Nalbone et al. conducted a computer-based study focusing on instability and polyethylene wear in reverse total shoulder arthroplasties with a focus on humeral component positioning. This study evaluated shoulder stability in reverse total shoulder arthroplasty while varying the humeral component positioning. The humeral component position was found to be a major contributor to stability and overall wear on the polyethylene cup. It found that when the humeral component was retroverted at 20o versus 0o, stability increased while overall wear on the polyethylene cup decreased. Glenosphere radius, depth of humeral cup, reconstruction of the soft tissues, tensioning of the deltoid, components positioning, inadequate bone stock of the glenoid and the humeral head were several factors found to contribute to glenohumeral instability [21]. Component positioning, failure to lateralize the humeral component sufficiently and/or downward tilting of glenoid, is a potential cause for dislocation in this case. As shown in Nalbone et al., proper humeral component position can lead to increased stability and decreased polyethylene wear.

Struyf et al. performed a systematic review of scapular position with respect to glenohumeral shoulder instability, and found that patients with increased instability had decreased scapular upward rotation and increased internal rotation [22]. This relationship of scapular positioning and shoulder instability could be the root source for the failure in this case report.

In addition to component positioning, early hypermobility of the reconstructed shoulder could have contributed to the failure. In our case, the patient quickly progressed to improved range of motion after surgery. Her early return to mobility as well as her underlying connective tissue disorder may have created sufficient laxity to contribute to a subluxation. Though scleroderma is typically associated with tightening of tissues and joints, there has been one case documented in literature of hypermobility associated with scleroderma [23].


CONCLUSION

Orthopedic surgeons should keep metallosis in mind as a differential diagnosis for reverse total shoulder arthroplasty complications when other causes have been ruled out. This case reports the first documented case of metallosis occurring in a reverse total shoulder. We suggest, based on the inferior wear of the humeral polyethylene cup, that erosion of the polyethylene humeral cup lead to the articulation of the glenosphere with the metallic humeral component resulting in metal-on-metal contact. Future consideration must be given to the size and angle of the humeral and glenoid components in reverse total shoulder arthroplasties. It is our hope that our case emphasizes the importance of proper prosthetic placement and establishes a higher level of suspicion for metallosis as a complication for reverse total shoulder arthroplasties.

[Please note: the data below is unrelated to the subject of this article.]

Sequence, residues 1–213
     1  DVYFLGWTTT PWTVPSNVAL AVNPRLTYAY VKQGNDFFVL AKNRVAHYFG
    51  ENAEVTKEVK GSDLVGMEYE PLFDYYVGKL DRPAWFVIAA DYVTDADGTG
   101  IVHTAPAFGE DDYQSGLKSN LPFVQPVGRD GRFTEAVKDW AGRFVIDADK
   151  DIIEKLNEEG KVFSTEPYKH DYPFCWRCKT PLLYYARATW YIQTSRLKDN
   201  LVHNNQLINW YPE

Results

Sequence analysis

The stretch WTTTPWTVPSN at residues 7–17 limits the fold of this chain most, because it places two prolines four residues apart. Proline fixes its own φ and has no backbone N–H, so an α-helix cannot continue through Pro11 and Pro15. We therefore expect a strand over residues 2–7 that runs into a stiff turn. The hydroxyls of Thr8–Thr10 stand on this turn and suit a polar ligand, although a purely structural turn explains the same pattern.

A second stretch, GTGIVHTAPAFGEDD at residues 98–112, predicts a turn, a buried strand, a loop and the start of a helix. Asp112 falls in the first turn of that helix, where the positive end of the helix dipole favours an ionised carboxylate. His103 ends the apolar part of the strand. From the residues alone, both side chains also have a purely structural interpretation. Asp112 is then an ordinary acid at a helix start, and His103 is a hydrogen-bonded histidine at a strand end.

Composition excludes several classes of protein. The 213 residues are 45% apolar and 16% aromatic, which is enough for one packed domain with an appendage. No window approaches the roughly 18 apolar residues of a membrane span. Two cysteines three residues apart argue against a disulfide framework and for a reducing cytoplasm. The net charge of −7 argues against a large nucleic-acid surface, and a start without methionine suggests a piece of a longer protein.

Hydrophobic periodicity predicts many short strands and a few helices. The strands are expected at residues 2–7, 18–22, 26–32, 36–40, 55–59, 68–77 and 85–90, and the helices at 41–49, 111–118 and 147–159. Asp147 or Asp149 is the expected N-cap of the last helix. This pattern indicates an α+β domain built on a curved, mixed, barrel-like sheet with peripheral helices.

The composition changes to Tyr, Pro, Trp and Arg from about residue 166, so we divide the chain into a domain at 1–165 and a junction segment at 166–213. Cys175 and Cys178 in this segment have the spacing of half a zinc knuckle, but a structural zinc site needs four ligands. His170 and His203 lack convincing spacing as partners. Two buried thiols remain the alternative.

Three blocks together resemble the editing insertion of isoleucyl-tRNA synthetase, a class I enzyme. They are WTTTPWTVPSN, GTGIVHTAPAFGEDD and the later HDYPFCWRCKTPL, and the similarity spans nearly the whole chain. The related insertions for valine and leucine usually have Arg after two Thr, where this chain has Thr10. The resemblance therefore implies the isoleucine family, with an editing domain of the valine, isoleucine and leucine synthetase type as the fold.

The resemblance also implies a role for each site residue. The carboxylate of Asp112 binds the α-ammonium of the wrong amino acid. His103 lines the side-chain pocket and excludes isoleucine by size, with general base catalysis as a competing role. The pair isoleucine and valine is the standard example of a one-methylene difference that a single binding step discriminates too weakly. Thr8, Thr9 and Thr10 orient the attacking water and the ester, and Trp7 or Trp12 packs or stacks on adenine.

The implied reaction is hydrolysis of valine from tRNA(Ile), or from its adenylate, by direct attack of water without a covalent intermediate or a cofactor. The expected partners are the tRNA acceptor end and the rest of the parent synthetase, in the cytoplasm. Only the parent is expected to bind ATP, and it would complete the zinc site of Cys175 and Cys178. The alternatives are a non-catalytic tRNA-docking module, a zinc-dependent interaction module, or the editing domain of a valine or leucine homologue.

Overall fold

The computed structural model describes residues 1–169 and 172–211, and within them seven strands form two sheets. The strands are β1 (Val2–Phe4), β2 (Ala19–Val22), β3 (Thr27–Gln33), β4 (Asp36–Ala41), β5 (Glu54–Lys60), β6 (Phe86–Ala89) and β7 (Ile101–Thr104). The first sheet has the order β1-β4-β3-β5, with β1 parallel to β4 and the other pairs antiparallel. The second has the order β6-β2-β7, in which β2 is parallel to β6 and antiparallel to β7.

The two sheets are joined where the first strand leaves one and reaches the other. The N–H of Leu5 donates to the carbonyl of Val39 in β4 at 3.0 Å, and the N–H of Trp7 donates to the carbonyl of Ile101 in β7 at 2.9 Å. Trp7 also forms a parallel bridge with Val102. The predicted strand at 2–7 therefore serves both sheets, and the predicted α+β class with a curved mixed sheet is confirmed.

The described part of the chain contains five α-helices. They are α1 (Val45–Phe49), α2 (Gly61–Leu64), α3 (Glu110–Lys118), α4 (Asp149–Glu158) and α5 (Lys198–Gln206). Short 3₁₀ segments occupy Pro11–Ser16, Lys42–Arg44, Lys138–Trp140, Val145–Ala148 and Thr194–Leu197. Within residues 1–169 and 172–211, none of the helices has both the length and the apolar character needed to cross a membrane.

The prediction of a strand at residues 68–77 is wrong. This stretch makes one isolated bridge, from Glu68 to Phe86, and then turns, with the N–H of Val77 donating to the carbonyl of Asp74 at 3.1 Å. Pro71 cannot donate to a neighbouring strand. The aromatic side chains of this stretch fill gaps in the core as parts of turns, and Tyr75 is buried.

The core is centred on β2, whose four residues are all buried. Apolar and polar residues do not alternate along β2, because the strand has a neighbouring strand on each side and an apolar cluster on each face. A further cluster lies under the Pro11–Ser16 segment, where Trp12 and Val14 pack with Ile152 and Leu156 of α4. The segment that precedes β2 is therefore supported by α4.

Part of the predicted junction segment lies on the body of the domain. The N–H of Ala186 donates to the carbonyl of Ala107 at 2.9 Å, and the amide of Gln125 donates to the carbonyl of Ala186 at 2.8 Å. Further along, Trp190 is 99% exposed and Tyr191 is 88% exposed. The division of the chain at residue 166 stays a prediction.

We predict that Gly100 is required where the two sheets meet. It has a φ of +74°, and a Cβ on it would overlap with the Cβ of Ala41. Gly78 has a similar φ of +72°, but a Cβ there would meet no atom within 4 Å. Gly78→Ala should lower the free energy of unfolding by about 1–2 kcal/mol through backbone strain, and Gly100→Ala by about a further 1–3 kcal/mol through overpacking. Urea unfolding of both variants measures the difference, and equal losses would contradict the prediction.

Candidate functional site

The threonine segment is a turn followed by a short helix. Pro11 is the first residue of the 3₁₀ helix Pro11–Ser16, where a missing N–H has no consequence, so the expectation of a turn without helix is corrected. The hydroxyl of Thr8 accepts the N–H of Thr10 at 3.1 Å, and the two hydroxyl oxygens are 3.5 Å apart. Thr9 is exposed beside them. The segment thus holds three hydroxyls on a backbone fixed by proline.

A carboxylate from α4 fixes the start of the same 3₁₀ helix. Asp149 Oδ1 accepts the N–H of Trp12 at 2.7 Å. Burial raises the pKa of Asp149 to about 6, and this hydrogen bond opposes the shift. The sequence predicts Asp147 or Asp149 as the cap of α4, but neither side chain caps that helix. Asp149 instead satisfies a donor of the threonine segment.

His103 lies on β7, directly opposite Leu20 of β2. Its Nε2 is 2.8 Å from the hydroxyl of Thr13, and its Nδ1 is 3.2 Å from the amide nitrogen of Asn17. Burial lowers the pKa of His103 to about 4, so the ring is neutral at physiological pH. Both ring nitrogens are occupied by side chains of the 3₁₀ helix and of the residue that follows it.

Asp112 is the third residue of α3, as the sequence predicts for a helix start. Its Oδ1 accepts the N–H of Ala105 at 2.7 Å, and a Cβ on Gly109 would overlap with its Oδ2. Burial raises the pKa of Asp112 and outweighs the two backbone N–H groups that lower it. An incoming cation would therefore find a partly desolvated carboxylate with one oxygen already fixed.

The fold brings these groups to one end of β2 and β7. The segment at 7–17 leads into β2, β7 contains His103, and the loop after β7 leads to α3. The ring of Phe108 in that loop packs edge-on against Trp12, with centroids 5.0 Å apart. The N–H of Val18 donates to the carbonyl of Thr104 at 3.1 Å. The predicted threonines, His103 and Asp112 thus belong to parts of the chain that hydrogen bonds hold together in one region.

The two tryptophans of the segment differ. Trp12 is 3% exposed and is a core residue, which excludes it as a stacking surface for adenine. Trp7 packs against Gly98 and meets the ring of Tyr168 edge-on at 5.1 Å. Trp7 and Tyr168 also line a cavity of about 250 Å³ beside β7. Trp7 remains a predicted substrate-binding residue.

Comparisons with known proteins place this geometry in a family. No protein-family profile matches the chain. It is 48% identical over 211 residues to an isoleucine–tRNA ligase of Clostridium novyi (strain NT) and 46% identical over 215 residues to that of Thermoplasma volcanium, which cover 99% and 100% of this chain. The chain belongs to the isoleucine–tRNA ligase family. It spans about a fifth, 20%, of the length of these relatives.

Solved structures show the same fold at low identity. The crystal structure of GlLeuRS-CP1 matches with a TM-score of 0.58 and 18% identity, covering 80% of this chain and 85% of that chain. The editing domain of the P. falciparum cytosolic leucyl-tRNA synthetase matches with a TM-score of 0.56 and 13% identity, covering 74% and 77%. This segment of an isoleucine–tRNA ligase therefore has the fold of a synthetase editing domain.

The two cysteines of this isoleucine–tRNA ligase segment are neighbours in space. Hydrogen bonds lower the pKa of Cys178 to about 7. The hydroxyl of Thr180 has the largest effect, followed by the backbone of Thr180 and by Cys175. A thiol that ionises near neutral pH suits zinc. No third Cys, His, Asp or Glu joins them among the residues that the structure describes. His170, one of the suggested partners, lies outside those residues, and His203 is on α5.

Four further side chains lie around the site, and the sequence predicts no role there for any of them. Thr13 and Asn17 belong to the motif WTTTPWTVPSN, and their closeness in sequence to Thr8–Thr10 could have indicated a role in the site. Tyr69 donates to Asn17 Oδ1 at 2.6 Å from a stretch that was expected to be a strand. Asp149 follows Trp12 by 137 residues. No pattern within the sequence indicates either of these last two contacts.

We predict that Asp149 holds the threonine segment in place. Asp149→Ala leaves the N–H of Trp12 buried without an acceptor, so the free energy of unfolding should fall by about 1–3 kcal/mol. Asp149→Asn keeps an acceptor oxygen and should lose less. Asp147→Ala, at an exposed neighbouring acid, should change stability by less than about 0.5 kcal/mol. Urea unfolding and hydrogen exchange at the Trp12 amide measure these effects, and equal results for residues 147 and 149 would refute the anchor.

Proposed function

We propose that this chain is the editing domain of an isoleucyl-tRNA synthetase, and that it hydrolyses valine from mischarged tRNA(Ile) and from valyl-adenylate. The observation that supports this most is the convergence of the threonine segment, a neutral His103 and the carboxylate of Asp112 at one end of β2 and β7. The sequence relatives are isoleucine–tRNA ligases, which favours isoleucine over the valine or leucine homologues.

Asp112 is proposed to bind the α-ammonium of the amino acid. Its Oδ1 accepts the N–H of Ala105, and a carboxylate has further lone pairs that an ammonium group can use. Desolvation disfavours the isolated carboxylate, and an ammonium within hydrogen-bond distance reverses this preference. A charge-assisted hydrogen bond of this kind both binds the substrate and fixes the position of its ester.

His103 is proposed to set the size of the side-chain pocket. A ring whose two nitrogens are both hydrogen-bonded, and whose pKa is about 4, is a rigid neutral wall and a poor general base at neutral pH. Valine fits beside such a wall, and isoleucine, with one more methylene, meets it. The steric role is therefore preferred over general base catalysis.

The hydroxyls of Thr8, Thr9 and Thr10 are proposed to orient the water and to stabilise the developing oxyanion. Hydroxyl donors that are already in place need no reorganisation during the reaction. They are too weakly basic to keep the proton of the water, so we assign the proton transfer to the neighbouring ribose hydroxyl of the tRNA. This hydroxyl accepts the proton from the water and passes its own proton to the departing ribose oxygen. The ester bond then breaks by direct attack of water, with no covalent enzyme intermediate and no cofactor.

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Author Contributions
Alexander J. Rondon – Substantial contributions to conception and design, Acquisition of data, Analysis and interpretation of data, Drafting the article, Revising it critically for important intellectual content, Final approval of the version to be published
Tyler R. Clark – Substantial contributions to conception and design, Acquisition of data, Analysis and interpretation of data, Drafting the article, Revising it critically for important intellectual content, Final approval of the version to be published
Felix H. Savoie – Substantial contributions to conception and design, Acquisition of data, Analysis and interpretation of data, Drafting the article, Revising it critically for important intellectual content, Final approval of the version to be published
Guarantor of submission
The corresponding author is the guarantor of submission.
Source of support
None
Conflict of interest
Authors declare no conflict of interest.
Copyright
© 2017 Alexander J. Rondon et al. This article is distributed under the terms of Creative Commons Attribution License which permits unrestricted use, distribution and reproduction in any medium provided the original author(s) and original publisher are properly credited. Please see the copyright policy on the journal website for more information.